3. Eat. Make sure you get about 100 to 150 calories every hour or so that you’re riding. Have a good lunch. Some people can eat a lot (me), while some need to keep some in reserve. Either way, have something and bring your leftovers with you to eat at the next rest stop. Remember to keep up your riding hydration and nutrition despite lunch.
  4. Rest. Stop at every assigned rest stop, but not for long. Your body is still burning calories and you have to use the momentum you’ve gotten to get through the day. If you’re longer than 15 minutes at any given rest stop, you’re there too long.
  5. Climbing. If you need, take short breathers BEFORE or AFTER the hills. Avoid stopping mid-climb. It is dangerous to yourself or others to stop on a steep hill. It can be difficult to take off up hill. Your body is probably not getting a really good rest, since you’re thinking about the climb. That being said, if you do have to stop, do it on the least-steep part of the hill, and do it in the shade.
  6. Cramping. You have muscle cramping, you’re likely not eating or drinking enough. Yes. I know you’ve been eating and drinking…

C. PACE

Finally, to get you through the ride, keep up a moderate pace. Don’t pour your energy out at any particular stage. Instead, know your own strengths and use them to best advantage.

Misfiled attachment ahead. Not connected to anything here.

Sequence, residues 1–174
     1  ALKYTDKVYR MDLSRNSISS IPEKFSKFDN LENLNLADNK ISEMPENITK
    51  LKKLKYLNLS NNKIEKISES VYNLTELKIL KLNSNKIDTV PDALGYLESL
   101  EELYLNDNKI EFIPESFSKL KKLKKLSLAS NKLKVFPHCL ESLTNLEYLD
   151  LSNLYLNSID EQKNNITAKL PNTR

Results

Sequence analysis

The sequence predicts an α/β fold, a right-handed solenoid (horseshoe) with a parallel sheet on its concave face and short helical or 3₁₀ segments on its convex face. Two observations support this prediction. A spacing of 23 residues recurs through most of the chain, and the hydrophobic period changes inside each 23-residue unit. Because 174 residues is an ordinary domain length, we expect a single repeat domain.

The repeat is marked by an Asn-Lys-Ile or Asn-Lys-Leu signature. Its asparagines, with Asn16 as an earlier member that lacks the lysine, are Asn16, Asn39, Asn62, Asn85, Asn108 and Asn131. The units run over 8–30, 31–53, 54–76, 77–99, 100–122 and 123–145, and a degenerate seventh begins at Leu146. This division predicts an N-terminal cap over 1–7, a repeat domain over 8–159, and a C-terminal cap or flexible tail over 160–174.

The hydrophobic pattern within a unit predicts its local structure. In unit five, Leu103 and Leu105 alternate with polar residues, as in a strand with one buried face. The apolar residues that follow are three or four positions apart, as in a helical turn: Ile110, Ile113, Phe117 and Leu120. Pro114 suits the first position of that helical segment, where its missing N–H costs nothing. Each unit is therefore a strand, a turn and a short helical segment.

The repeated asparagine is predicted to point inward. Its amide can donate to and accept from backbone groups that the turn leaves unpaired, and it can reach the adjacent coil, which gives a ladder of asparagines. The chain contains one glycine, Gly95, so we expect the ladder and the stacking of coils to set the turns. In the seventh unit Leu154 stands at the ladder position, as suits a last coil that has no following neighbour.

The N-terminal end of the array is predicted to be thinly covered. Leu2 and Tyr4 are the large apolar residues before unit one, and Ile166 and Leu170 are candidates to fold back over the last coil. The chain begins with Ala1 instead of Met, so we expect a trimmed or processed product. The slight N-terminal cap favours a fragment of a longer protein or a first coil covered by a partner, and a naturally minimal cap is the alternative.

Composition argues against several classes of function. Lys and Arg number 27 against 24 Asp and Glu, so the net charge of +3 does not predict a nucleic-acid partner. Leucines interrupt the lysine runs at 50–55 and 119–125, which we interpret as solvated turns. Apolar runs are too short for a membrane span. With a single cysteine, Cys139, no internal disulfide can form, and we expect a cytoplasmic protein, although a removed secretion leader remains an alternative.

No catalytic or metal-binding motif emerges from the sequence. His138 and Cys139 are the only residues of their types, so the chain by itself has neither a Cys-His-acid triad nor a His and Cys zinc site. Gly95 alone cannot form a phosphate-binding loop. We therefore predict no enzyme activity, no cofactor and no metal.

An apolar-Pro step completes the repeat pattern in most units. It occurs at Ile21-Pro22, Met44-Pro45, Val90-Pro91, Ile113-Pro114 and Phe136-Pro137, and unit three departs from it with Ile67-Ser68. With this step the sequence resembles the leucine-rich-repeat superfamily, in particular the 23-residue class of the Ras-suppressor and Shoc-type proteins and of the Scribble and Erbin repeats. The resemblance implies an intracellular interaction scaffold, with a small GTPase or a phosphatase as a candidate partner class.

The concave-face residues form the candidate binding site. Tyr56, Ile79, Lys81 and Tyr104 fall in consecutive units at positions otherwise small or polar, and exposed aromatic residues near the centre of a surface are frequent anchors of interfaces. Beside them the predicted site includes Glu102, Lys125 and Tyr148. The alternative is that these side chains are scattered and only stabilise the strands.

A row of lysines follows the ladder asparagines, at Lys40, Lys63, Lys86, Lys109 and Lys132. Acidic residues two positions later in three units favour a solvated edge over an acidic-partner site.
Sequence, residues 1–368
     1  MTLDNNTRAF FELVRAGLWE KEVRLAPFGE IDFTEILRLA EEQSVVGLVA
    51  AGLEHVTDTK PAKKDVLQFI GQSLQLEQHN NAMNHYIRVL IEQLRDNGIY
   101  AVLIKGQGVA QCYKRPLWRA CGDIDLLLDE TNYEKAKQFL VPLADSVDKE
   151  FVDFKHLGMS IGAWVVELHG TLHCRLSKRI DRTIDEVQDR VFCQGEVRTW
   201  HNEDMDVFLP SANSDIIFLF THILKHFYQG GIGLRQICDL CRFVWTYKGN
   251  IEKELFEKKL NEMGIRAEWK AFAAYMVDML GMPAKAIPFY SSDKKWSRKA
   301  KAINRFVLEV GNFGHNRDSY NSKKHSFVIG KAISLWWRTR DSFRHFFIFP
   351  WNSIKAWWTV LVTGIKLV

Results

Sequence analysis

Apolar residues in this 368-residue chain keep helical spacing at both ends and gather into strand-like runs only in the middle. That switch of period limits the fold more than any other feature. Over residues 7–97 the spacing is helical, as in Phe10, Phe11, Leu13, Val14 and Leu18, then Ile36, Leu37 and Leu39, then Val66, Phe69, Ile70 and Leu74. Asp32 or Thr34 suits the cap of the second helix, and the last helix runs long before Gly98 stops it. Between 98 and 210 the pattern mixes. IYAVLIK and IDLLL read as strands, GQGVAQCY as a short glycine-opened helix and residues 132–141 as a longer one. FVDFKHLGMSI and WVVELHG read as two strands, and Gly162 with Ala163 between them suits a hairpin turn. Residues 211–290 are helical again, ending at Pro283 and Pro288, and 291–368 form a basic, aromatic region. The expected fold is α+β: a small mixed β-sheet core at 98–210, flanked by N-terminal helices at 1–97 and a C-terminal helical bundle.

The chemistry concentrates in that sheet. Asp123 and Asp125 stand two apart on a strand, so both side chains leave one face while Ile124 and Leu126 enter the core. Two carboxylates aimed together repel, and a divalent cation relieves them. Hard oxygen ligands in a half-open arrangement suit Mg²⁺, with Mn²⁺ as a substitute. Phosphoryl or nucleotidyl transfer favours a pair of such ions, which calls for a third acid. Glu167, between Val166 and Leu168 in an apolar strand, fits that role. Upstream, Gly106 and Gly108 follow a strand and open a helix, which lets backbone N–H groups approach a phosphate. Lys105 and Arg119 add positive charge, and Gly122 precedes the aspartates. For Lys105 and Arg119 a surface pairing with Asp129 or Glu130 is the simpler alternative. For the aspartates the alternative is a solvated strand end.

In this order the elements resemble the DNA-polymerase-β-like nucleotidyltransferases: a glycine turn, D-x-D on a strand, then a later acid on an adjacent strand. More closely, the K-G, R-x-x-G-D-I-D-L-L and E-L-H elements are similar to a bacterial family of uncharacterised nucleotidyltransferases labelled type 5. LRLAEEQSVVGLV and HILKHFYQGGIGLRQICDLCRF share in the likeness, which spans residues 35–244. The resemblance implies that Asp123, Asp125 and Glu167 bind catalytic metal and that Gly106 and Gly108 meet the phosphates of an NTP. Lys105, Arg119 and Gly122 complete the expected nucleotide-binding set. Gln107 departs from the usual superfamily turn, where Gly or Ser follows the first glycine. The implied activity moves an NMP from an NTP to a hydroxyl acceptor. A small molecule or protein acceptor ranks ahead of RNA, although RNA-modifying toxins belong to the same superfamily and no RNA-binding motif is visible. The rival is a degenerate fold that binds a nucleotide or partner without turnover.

1. Maintain a high cadence throughout the ride. Higher cadences mean less muscle strain. Less muscle strain means you can ride longer. (Get a cadence meter.)
  2. Expend your effort on climbs. They’re going to be difficult any way. Let the climbs be where you shine.
  3. Don’t slack on the descents. You can maintain your target heart rate on the descents. But even if you use them to “rest,” don’t just coast down the hills. Which leads me to the general rule…
  4. Pedal. Every foot you’re not pedaling is a waste. A single pedal stroke will get you forward more than if you weren’t pedaling and (if you’re in the right gear) for a tiny fraction of effort. And you can still rest while pedaling.
  5. Keep an even pace on flats/rollers. Try to avoid speeding up then slowing down. Find a groove and stick with it. This is another good reason for a riding partner. The two of you can help keep an even pace.
  6. If you’re feeling rested, that doesn’t mean you need to jet off at full speed. Keep that energy for the hills. (Know yourself. Sometimes its better to get a section over with if a rest stop is coming up.)
  7. Catch yourself before you get exhausted, and rest while cycling. Slow your speed, slow your heart rate while cycling. You’ll save time and effort over stopping to rest.
  8. Consider reducing your pace from the get go. Keep your speed or your heart rate at 90% of your typical ride. (Get a heart rate monitor.)